Today we are going to look at Tse Sui Luen Jewellery (International) Limited (HKG:417) to see whether it might be an attractive investment prospect. Specifically, we’ll consider its Return On Capital Employed (ROCE), since that will give us an insight into how efficiently the business can generate profits from the capital it requires.
Firstly, we’ll go over how we calculate ROCE. Second, we’ll look at its ROCE compared to similar companies. And finally, we’ll look at how its current liabilities are impacting its ROCE.
Understanding Return On Capital Employed (ROCE)
ROCE measures the amount of pre-tax profits a company can generate from the capital employed in its business. All else being equal, a better business will have a higher ROCE. Ultimately, it is a useful but imperfect metric. Author Edwin Whiting says to be careful when comparing the ROCE of different businesses, since ‘No two businesses are exactly alike.
How Do You Calculate Return On Capital Employed?
The formula for calculating the return on capital employed is:
Return on Capital Employed = Earnings Before Interest and Tax (EBIT) ÷ (Total Assets – Current Liabilities)
Or for Tse Sui Luen Jewellery (International):
0.075 = HK$136m ÷ (HK$2.9b – HK$1.1b) (Based on the trailing twelve months to September 2019.)
Therefore, Tse Sui Luen Jewellery (International) has an ROCE of 7.5%.
Is Tse Sui Luen Jewellery (International)’s ROCE Good?
ROCE can be useful when making comparisons, such as between similar companies. We can see Tse Sui Luen Jewellery (International)’s ROCE is around the 9.3% average reported by the Luxury industry. Separate from how Tse Sui Luen Jewellery (International) stacks up against its industry, its ROCE in absolute terms is mediocre; relative to the returns on government bonds. Investors may wish to consider higher-performing investments.
The image below shows how Tse Sui Luen Jewellery (International)’s ROCE compares to its industry, and you can click it to see more detail on its past growth.
When considering ROCE, bear in mind that it reflects the past and does not necessarily predict the future. Companies in cyclical industries can be difficult to understand using ROCE, as returns typically look high during boom times, and low during busts. This is because ROCE only looks at one year, instead of considering returns across a whole cycle. You can check if Tse Sui Luen Jewellery (International) has cyclical profits by looking at this free graph of past earnings, revenue and cash flow.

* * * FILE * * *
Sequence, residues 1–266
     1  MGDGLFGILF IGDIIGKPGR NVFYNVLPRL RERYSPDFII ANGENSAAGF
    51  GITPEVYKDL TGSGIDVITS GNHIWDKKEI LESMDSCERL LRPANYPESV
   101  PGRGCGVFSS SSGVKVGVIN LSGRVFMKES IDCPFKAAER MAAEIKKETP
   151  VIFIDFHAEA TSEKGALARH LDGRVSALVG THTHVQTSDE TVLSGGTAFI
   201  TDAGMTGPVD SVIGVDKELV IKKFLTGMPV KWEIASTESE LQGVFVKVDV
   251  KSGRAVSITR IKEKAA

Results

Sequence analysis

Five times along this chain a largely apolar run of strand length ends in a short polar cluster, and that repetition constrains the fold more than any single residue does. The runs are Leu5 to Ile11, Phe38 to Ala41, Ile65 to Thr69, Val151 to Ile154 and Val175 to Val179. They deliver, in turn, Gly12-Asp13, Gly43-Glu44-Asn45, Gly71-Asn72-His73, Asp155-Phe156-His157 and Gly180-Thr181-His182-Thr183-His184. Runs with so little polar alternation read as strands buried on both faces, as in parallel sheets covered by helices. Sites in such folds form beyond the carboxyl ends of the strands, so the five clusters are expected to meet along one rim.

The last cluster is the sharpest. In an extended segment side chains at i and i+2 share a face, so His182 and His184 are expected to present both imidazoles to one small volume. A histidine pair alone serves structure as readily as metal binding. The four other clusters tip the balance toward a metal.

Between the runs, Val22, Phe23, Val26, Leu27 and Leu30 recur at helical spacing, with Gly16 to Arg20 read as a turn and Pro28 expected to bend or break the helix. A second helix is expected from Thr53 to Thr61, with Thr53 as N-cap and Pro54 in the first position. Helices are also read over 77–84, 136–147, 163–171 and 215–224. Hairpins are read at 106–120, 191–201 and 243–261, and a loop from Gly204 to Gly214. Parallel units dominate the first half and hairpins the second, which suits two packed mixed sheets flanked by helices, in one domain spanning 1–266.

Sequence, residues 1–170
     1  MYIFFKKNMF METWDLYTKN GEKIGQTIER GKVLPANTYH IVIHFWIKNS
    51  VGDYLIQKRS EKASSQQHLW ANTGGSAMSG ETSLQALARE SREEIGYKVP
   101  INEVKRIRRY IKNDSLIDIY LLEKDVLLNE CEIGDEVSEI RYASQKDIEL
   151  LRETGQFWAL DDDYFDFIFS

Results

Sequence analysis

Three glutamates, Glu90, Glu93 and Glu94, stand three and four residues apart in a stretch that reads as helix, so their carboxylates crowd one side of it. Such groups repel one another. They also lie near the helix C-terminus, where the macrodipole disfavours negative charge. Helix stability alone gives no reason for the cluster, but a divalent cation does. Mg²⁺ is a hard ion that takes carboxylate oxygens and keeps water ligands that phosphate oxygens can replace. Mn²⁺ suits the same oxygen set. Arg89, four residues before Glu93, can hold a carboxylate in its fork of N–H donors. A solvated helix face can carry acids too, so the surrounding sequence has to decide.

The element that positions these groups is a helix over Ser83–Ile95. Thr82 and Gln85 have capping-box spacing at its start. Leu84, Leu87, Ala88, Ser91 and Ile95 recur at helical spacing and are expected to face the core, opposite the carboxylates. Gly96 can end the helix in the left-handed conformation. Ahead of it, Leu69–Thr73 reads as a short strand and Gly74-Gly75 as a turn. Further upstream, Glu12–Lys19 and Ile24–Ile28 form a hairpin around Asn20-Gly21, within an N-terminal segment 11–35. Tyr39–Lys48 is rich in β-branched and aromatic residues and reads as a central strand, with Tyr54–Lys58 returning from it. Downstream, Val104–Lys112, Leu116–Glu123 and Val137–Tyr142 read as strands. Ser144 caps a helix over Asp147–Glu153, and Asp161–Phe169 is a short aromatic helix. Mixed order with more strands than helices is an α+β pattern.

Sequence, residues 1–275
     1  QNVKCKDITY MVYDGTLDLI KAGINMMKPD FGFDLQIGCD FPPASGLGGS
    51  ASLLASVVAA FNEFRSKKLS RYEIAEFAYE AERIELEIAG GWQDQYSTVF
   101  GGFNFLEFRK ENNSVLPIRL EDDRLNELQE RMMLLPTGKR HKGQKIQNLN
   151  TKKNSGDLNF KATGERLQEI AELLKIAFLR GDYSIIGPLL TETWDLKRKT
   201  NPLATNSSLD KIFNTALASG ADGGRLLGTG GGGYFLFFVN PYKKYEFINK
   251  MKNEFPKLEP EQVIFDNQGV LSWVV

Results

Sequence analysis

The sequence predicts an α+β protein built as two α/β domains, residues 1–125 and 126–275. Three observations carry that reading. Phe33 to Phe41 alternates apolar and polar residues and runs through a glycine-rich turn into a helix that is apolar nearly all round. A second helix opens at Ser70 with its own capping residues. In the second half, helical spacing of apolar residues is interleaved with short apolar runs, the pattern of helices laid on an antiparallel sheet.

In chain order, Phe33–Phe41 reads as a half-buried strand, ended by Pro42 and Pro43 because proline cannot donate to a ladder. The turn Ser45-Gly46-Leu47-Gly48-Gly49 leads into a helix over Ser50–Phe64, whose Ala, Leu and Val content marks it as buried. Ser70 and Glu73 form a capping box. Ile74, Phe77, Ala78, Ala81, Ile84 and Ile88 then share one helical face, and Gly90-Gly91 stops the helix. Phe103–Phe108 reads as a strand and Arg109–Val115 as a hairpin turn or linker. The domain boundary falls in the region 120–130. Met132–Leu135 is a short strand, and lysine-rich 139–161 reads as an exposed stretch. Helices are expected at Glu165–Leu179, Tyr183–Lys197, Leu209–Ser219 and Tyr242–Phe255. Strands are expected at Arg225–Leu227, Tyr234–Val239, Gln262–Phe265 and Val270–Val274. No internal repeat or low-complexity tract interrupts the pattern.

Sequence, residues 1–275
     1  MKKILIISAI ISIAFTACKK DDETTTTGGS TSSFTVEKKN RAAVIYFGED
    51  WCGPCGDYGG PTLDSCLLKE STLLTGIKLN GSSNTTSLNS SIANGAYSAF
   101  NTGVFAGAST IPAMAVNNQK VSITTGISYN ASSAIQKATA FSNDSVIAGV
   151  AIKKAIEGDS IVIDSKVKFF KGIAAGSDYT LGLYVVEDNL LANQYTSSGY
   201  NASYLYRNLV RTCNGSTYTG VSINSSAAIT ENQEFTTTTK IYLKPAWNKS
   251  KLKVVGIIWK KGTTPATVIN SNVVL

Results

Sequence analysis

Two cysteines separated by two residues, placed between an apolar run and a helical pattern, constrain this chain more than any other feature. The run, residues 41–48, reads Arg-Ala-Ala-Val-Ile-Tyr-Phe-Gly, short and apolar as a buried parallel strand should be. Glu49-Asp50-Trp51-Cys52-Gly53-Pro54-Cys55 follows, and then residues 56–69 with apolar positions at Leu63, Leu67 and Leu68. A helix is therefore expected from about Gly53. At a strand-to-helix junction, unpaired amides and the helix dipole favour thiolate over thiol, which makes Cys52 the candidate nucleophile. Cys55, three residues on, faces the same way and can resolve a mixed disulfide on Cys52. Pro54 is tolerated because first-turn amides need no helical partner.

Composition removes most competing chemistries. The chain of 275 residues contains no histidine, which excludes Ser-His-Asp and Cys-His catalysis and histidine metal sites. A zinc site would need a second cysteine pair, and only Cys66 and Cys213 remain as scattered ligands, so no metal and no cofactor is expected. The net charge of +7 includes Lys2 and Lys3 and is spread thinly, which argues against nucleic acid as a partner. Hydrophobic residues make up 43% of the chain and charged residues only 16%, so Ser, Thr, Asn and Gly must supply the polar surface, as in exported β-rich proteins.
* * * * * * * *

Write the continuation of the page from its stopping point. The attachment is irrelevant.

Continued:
What Are Current Liabilities, And How Do They Affect Tse Sui Luen Jewellery (International)’s ROCE?
Short term (or current) liabilities, are things like supplier invoices, overdrafts, or tax bills that need to be paid within 12 months. Due to the way the ROCE equation works, having large bills due in the near term can make it look as though a company has less capital employed, and thus a higher ROCE than usual. To counteract this, we check if a company has high current liabilities, relative to its total assets.
Tse Sui Luen Jewellery (International) has current liabilities of HK$1.1b and total assets of HK$2.9b. Therefore its current liabilities are equivalent to approximately 37% of its total assets. Tse Sui Luen Jewellery (International)’s middling level of current liabilities have the effect of boosting its ROCE a bit.
Our Take On Tse Sui Luen Jewellery (International)’s ROCE
Unfortunately, its ROCE is still uninspiring, and there are potentially more attractive prospects out there. Of course, you might also be able to find a better stock than Tse Sui Luen Jewellery (International). So you may wish to see this free collection of other companies that have grown earnings strongly.
If you are like me, then you will not want to miss this free list of growing companies that insiders are buying.
If you spot an error that warrants correction, please contact the editor at email@example.com. This article by Simply Wall St is general in nature. It does not constitute a recommendation to buy or sell any stock, and does not take account of your objectives, or your financial situation. Simply Wall St has no position in the stocks mentioned.
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